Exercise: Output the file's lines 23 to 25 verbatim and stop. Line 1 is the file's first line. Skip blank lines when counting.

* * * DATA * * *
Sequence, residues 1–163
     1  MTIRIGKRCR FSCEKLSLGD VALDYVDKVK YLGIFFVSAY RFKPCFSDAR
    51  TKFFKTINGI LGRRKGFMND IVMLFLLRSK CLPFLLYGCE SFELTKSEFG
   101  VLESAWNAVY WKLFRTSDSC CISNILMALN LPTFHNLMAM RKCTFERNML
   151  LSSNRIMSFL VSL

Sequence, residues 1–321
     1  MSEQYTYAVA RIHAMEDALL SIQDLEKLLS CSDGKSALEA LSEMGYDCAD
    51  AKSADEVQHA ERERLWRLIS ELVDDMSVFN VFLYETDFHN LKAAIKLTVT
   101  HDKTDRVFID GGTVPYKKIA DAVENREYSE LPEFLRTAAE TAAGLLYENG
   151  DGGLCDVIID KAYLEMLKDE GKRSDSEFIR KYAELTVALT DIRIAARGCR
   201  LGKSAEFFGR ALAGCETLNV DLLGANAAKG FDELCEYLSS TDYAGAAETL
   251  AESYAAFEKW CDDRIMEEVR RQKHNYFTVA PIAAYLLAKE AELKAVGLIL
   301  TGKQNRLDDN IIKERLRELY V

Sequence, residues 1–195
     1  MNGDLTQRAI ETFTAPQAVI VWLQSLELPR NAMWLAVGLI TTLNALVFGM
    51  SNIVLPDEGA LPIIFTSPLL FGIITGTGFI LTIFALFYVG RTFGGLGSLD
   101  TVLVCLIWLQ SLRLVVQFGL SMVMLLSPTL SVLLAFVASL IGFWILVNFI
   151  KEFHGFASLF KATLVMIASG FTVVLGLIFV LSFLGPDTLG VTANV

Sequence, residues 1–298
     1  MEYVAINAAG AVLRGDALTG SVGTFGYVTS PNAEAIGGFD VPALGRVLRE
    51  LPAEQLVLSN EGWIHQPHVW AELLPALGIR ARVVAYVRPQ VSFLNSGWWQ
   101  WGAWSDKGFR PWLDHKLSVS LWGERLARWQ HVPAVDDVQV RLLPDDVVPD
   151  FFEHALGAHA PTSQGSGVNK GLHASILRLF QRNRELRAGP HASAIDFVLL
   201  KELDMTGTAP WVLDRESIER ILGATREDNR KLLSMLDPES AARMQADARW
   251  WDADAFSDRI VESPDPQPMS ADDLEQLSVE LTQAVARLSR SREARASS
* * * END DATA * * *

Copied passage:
   151  FFEHALGAHA PTSQGSGVNK GLHASILRLF QRNRELRAGP HASAIDFVLL
   201  KELDMTGTAP WVLDRESIER ILGATREDNR KLLSMLDPES AARMQADARW
   251  WDADAFSDRI VESPDPQPMS ADDLEQLSVE LTQAVARLSR SREARASS